Whenever the conversation of anime fan loyalty arises, it is no doubt that Japan, the root of all things anime, has a firm and at times, overzealous fan base. In recent decades, westerners, namely those in the US and Europe, has also begin to develop strong anime affinity. No doubt, Japanese anime is gaining global prevalence. However, one country that seldom gains any attention for having a Japanese anime fan base is actually much closer to Japan geographically than just about any other country.
The people of South Korea, as a whole, seems to lack the general craze and excitement toward anime compared to other countries. Some of this lack of interest could be attributed to a large collection of online Korean comics known as “webtoons”- a homegrown version of manga that appeals more to the everyday Korean than most Japanese anime. A quick tour around Seoul will also reveal that the type of entertainments advertised are mainly Hollywood films, online app games, and PC games such as StarCraft and League of Legends. The only Japanese anime that seems to be drawing significant attention is “One Piece” and not much else.
With all that being said, the first-ever Comic Con in Korea, held at the COEX convention center in Seoul from August 4th to 6th, was a big step toward permeating Japanese anime culture into Korean society. While the main attractions at Comic Con were still popular entertainment juggernauts such as Marvel Comics and Blizzard, as well as guest appearances from TV and movie stars Steven Yeun and Mads Mikkelsen, there were also a number of exhibitions that undoubtedly hailed from Japan, along with appearances by Toshihiko Seki and Soichiro Hoshi, two accomplished voice actors in the Japanese anime industry.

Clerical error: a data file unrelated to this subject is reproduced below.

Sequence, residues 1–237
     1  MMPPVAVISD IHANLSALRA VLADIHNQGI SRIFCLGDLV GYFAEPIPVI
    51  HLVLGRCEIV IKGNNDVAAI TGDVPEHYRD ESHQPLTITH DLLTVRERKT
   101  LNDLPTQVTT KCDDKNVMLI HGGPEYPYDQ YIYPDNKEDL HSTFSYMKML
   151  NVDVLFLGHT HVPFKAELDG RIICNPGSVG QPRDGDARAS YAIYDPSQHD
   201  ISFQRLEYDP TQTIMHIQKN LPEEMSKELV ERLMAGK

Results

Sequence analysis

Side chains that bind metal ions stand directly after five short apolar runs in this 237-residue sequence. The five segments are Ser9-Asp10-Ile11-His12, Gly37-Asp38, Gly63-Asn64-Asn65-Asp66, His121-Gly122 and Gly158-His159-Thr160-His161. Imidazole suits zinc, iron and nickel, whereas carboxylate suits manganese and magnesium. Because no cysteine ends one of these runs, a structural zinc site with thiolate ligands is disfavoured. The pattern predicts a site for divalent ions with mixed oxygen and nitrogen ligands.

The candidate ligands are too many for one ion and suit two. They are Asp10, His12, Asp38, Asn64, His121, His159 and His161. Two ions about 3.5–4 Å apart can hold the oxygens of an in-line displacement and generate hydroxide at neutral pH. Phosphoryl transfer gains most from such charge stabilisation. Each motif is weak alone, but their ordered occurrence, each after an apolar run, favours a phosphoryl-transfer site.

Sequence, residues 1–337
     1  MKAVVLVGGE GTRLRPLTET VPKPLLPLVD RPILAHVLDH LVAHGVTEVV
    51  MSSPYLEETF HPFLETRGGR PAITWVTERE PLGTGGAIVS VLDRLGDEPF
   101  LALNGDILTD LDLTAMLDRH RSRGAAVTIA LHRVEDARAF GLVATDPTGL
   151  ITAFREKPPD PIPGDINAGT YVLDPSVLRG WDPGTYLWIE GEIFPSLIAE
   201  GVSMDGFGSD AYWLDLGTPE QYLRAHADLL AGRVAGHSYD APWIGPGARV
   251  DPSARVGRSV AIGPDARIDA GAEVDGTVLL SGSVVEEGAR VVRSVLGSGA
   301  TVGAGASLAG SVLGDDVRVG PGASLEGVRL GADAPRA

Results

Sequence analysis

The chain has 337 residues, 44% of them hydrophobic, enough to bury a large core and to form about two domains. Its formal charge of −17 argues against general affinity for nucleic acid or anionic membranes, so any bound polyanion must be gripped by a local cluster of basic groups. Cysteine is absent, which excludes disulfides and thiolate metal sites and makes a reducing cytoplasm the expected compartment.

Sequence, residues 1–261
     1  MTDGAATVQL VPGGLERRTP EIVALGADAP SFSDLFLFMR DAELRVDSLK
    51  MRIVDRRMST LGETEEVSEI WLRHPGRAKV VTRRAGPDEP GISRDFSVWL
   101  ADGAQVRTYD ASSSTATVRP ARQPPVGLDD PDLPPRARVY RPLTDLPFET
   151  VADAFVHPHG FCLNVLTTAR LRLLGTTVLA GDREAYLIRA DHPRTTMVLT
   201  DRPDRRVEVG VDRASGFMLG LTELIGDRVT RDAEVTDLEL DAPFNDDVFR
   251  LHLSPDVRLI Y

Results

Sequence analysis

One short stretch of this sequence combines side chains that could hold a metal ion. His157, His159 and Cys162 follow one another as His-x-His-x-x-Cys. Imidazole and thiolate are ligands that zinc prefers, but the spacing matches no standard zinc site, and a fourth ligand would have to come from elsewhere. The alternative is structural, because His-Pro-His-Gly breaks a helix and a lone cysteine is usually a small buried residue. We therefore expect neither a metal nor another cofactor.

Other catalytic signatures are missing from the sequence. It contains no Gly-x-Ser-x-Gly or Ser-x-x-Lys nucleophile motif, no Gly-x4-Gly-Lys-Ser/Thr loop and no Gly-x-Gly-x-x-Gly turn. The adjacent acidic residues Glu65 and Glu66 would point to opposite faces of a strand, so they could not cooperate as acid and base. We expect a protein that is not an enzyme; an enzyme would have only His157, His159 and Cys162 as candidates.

As much as the event provided the opportunity to expose the Korean people to Japanese anime, a closer look would reveal this as an uphill battle as a large portion of the attendees were actually foreigners. There were more people speaking English than Korean, and many of the hardcore cosplaying fans were also non-Korean. The number of people at Japanese anime-themed exhibits were significantly fewer compared to the multitude congregated at the Marvel related exhibits and merchandise booths. Apparently in this society, the Korean majority don’t seem to share the same anime enthusiasm as the foreign minority. There are signs of growing interest, but they are slow.
Unless, of course, we’re talking about One Piece.